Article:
N.S.Venkataraman for BeyondHeadlines
The industry houses, some economists and section of media in India have been criticizing Indian Prime Minister Manmohan Singh and his government until recently for not implementing what they call as economic reforms. They have gone to the extent of accusing the government of suffering from policy paralysis, whatever it may mean.
Perhaps, irked by such criticisms, Manmohan Singh has finally jumped into the fray and his cabinet has cleared the foreign direct investment measures and the steps to open up the retail market to international business houses.
Manmohan Singh appears to have a tunnel vision as far as the above two measures are concerned and seems to think that FDI and opening of retail outlets are the be all and end all of economic reforms. He has not been able to project any other better measures to improve the economy, in tune with the country’s basic strength.
One fact that has to be remembered is that Indian economy has steadily grown at the GDP level of 7 to 8% in the past few years without these so called economic reform measures. This obviously implies that the basics of the Indian economy are strong and they only need to be sustained and strengthened. For doing so, the FDI and opening the flood gates of Indian retail market to international business houses are not going to help at all. On the other hand, they may only weaken the basics of the economy and make the Indian economy more dependent on international business houses, whose primary job is to earn money and profit and not sustain the Indian economy.
What Manmohan Singh has missed to see in his enthusiasm for FDI is the basic strength of Indian agricultural sector, where the potentials to promote the growth of real economy and substantially increase the employment opportunities and improve the distribution of income are immense.
The features of the Indian agricultural sector are that it is largely self dependent with highly competent and dedicated farming community with enormous traditional knowledge as well as initiative to perform better, if given opportunities. The country’s green revolution and white revolution were so successful only because of the competence of the Indian farmers and agriculturists, who responded admirably when appropriate technology and policy support were extended to them.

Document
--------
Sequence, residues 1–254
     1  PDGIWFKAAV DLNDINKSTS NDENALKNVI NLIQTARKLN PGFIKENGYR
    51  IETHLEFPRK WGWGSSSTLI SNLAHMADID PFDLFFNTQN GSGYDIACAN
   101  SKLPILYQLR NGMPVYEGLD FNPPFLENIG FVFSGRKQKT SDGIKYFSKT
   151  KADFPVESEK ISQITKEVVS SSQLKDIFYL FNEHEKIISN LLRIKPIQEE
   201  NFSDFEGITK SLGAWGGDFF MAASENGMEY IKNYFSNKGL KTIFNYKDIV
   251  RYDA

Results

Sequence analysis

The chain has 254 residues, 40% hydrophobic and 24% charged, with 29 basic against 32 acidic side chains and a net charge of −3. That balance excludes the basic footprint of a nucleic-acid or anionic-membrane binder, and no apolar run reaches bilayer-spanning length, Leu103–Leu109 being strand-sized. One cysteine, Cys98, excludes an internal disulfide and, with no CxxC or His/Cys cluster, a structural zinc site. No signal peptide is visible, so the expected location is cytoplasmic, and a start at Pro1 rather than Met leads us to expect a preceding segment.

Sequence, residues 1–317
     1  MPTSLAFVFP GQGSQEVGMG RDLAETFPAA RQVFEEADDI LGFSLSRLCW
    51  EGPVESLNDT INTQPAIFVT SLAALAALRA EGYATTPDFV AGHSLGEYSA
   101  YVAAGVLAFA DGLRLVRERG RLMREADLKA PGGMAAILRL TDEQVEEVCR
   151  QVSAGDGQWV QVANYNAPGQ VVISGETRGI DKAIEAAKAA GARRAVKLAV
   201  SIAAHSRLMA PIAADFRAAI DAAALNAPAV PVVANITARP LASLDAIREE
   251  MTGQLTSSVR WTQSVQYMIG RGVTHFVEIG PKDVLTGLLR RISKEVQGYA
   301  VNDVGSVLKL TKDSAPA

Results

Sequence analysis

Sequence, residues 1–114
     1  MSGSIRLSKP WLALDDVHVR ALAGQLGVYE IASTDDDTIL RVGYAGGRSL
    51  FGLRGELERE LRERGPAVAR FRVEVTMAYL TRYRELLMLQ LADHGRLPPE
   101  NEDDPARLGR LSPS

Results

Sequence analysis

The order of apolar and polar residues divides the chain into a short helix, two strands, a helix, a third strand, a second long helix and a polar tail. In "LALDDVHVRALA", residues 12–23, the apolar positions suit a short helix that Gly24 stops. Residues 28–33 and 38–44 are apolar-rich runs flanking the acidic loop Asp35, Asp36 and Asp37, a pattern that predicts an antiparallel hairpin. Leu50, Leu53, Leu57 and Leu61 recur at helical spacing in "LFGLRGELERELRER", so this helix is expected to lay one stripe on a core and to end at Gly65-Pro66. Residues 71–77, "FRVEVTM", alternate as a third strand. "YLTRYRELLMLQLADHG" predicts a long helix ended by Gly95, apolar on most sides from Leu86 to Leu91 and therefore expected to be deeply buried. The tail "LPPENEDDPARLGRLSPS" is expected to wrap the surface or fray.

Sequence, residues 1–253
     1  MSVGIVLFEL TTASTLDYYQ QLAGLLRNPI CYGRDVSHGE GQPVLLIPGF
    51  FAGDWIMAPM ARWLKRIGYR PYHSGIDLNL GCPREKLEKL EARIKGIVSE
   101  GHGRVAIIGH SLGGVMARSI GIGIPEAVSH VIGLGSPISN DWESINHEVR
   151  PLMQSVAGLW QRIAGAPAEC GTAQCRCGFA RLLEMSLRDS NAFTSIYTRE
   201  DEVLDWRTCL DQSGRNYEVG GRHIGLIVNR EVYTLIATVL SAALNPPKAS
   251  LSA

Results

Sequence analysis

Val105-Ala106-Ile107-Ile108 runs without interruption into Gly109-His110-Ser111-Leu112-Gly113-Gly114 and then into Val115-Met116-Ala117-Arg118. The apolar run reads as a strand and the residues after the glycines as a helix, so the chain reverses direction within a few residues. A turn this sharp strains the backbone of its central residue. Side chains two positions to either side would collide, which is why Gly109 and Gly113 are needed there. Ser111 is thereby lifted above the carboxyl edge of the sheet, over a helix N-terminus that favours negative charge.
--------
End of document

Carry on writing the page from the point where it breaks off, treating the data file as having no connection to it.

Unfortunately, Manmohan Singh’s policy of opening of the retail market will have negative impact in the Indian agricultural sector by placing the farmers at the mercy of international merchants, on whom the government will have no worthwhile control. The price of agricultural inputs and agricultural products will certainly go up as the cost of retail operations, (which is highly decentralized and low now) and the profit margin for the retailers have to be met by the consumers. At the same time, the Indian farmers will not get better returns, as the highly organised retail merchants will use their “clever management tactics” to squeeze the farmers who will be left helpless and hopeless.
With two thirds of India’s population remaining below poverty line (more than 600 million people), the purchasing capacity of vast number of Indians are extremely low and they can afford to buy only minimum food items that are essential to physically survive. Already we find a situation now where vast segment of the country’s population depend on the rations, freebies, Mahatma Gandhi rural employment scheme and unemployment allowance extended by the government for their survival, due to spiraling prices of essential commodities. Any further increase in the cost of food items will entirely uproot them and lead to severe social unrest. One wonders whether Manmohan Singh has thought about such eventualities. What benefits will the country get by this newly created situation by Manmohan Singh?
There are several other strengths that India has such as vast technical manpower and scientific pool, enormous mineral deposits, huge workforce etc. which can be competently capitalized by a thinking government by initiating appropriate indigenously suited economic reform measures. The government does not seem to be thinking on these lines at all, while framing its recent economic reform programmes.
Perhaps, Manmohan Singh is calculating on the overseas investment that the country will get effortlessly by FDI and opening the retail market but this would be a policy that can be termed as penny wise and pound foolish.
Further, Manmohan Singh should be aware that his government is suffering from huge credibility crisis today, with the country men largely convinced that corruption and nepotism in today’s India has become the order of the day under his leadership. People think that millions of rupees of money which are earmarked by the government for investment in infrastructure and welfare projects are being siphoned away by corrupt politicians , bureaucrats and business houses. Manmohan Singh has given an impression that he has no control over such corrupt forces who are draining the country.
While his recent economic reform measures are flawed, in the present circumstances, even with whatever support that Manmohan Singh will get from Indian industry houses and section of media , certainly he will not be able to convince the common man that his recent economic reform measures are sound and in the national interest.
(N.S.Venkataraman is a Chemical Engineer from Annamalai University in Tamil Nadu and Director of Nandini Consultancy Centre. He can be reached firstname.lastname@example.org)